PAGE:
Three little words constituting my most hated of writing advice.
It’s not that I disagree–quite the contrary, in fact–but I think the phrase is grossly misunderstood. Or, as it’s been in my personal experience, abused.
We all know what the phrase really means, right? Developing an emotional detachment from one’s work, so that they can better identify and assess flaws (both recognized by the author and discovered by first readers) in order to improve said work. Simple, really, and a crucial skill if you’re serious about your craft.
So who decided it was okay to use it as a defense mechanism?
Recently I attended a roundtable poetry workshop where this little chestnut was flung in my direction. I was relieved that the work I’d offered for critique–part of a linked series of surreal poems with a supermarket theme (because another piece of advice I adhere to is “Write what you know”) that relied heavily on bizarre imagery–was well-received, since the group was largely made up of middle-aged women who wrote nature poems. I learned when I was being subtle and when I was just being vague, which lines resonated better than others, and all that good stuff these types of functions can teach you.
But when the workshop coordinator suggested I remove an image–one I found particularly powerful and upon which a great deal of the poem’s impact hinged–I demurred. Politely, of course, but I explained the line’s importance and how it related to the rest of the piece. Her response?
“Kill your darlings.”
It stung, I’ll admit, but I initially chalked it up to frustration that the piece wasn’t working. It wasn’t until later that I realized that those three words are really a condescending, end-of-discussion way of saying, “You can’t disagree with what I’m telling you, and my opinion is final.”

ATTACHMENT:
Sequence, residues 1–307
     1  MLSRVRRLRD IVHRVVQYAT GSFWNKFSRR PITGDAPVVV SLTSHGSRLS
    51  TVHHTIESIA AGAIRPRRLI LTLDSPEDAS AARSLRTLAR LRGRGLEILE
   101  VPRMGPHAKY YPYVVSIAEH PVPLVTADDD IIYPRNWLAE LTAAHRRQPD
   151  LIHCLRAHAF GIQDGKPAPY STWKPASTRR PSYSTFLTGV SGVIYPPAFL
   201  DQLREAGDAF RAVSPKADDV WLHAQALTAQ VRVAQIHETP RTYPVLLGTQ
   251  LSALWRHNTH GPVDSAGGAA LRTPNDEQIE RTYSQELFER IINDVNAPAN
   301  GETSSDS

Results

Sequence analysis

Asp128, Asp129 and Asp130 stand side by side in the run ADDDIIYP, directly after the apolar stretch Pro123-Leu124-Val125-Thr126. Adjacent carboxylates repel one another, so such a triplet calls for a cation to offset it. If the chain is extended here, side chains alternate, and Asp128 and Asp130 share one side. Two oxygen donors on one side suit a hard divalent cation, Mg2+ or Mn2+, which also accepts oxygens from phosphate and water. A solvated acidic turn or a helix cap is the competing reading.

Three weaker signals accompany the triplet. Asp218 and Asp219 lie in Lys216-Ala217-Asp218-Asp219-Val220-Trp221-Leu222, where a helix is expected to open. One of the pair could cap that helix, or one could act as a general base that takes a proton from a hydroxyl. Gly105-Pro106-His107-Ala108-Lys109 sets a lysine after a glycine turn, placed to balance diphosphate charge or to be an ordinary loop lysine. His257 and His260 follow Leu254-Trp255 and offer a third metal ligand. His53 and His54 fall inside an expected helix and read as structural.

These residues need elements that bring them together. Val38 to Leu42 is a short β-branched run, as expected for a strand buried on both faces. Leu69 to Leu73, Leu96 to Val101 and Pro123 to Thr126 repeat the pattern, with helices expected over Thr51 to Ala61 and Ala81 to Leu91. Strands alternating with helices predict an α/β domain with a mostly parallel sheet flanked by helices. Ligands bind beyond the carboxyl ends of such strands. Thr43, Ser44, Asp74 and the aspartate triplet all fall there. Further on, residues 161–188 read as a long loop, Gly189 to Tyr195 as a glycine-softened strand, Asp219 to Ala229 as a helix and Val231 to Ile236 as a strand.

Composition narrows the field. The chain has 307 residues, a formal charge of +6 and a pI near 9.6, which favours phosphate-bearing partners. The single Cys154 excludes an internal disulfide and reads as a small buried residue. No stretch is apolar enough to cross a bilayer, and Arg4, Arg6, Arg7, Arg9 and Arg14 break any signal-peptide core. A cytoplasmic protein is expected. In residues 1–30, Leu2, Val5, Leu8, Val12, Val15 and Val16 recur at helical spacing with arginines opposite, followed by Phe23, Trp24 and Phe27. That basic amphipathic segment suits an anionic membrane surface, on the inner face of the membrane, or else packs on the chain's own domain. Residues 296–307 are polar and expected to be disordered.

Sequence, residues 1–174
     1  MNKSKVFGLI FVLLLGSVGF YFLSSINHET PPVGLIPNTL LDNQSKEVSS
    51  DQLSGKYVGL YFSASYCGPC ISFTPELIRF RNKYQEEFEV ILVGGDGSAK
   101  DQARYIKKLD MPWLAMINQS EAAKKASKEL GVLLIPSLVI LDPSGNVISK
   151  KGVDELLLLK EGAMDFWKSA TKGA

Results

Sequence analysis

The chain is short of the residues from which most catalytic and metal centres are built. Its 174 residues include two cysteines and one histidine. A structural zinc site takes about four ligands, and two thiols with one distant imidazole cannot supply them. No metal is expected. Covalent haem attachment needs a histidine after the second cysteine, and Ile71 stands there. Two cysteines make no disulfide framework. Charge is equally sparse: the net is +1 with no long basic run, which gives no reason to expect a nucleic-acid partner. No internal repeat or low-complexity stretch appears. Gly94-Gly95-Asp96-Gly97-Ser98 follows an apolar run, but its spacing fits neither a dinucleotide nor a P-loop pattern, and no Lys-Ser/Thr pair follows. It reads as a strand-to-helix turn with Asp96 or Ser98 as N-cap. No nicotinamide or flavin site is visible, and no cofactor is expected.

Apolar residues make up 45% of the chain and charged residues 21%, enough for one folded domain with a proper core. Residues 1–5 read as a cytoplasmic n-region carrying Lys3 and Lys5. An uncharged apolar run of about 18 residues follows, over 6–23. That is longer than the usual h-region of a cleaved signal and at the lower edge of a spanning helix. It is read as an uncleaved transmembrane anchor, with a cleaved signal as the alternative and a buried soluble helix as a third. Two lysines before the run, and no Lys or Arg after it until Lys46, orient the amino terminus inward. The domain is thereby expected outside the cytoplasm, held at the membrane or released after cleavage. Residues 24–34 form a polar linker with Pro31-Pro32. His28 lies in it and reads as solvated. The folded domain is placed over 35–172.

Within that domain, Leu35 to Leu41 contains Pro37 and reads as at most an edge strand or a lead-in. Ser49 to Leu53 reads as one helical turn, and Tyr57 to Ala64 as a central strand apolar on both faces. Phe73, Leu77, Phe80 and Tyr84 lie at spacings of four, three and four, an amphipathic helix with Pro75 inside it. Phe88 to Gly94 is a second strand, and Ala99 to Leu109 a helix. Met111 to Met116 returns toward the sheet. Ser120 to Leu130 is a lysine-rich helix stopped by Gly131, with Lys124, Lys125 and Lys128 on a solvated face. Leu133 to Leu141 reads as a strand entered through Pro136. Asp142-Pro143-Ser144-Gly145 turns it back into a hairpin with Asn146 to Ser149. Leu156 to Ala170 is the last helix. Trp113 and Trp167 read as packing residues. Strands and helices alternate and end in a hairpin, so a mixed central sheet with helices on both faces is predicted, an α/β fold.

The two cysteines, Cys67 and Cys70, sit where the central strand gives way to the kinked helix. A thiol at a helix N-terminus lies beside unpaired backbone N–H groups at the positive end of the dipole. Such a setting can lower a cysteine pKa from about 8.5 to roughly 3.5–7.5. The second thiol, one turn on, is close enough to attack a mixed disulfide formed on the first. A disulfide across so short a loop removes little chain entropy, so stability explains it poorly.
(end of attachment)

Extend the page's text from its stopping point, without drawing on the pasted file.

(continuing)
And this hasn’t been the only instance I’ve seen this.
“Kill your darlings” is a philosophy, a principle, not an instruction. If you’re critiquing someone’s work and you disagree on a plot point, description, use of metaphor, whatever, don’t use this phrase. (I’m assuming, naturally, that the author has considered all opinions with an open mind and can reasonably state his case as to why it should stay.) I really don’t see how you can say it without sounding like an asshole.
What I would have said, were I in the coordinator’s shoes, was, “This line may hold significance for you, but it doesn’t work in its current state.”
Maybe the image doesn’t work as written. That’s not to say that with a little fine-tuning, some additional revision, it can’t work somewhere else. Or in another form. That’s for the author to decide (and in my case, I’m sticking to my guns); if he’s serious about what he does, he can kill those darlings and incorporate the suggestions that best serve the work.
Nobody wins with the attitude, Heed my words. Resistance is futile.
So kill your darlings. Slaughter them by the truckload with extreme prejudice. But when approached for advice, let the author decide which ones end up on the chopping block.
Because of you I’ll never be able to eat another Klondike Bar without thinking of pubic hair.
I don’t like to get mired in hot-button topics, and you’ve probably got thousands of other 9/11-related blogs to sift through today, but am I the only one who’s uncomfortable with a slate of new movies coming out today? Yes, I realize it’s Friday and therefore mandated that Hollywood churn at least one thing out, but I can’t help but look at the CW-worthy poster for SORORITY ROW with its September 11 release date plastered across the bottom and not feel the date has lost its significance.
God knows I’ve defended the genre on more than one occasion, but doesn’t opening a body-count picture on the grimmest anniversary of the 21st Century strike you as a just a bit tasteless?
(Speaking of the film, I’m currently watching quick snippets of it here in the projection booth; it doesn’t look like a must-see by any means, but it may be worth checking out for what appears to be some interesting switches in slasher genre roles. Or something.)